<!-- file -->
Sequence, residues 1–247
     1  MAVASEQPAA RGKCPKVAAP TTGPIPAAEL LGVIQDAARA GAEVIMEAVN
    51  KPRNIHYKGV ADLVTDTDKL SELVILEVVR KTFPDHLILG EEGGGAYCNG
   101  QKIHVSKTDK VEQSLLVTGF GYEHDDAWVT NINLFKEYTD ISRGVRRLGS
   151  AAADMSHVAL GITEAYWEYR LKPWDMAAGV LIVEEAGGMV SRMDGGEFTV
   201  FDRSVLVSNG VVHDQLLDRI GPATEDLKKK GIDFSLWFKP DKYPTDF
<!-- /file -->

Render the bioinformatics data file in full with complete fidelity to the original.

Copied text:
Sequence, residues 1–247
     1  MAVASEQPAA RGKCPKVAAP TTGPIPAAEL LGVIQDAARA GAEVIMEAVN
    51  KPRNIHYKGV ADLVTDTDKL SELVILEVVR KTFPDHLILG EEGGGAYCNG
   101  QKIHVSKTDK VEQSLLVTGF GYEHDDAWVT NINLFKEYTD ISRGVRRLGS
   151  AAADMSHVAL GITEAYWEYR LKPWDMAAGV LIVEEAGGMV SRMDGGEFTV
   201  FDRSVLVSNG VVHDQLLDRI GPATEDLKKK GIDFSLWFKP DKYPTDF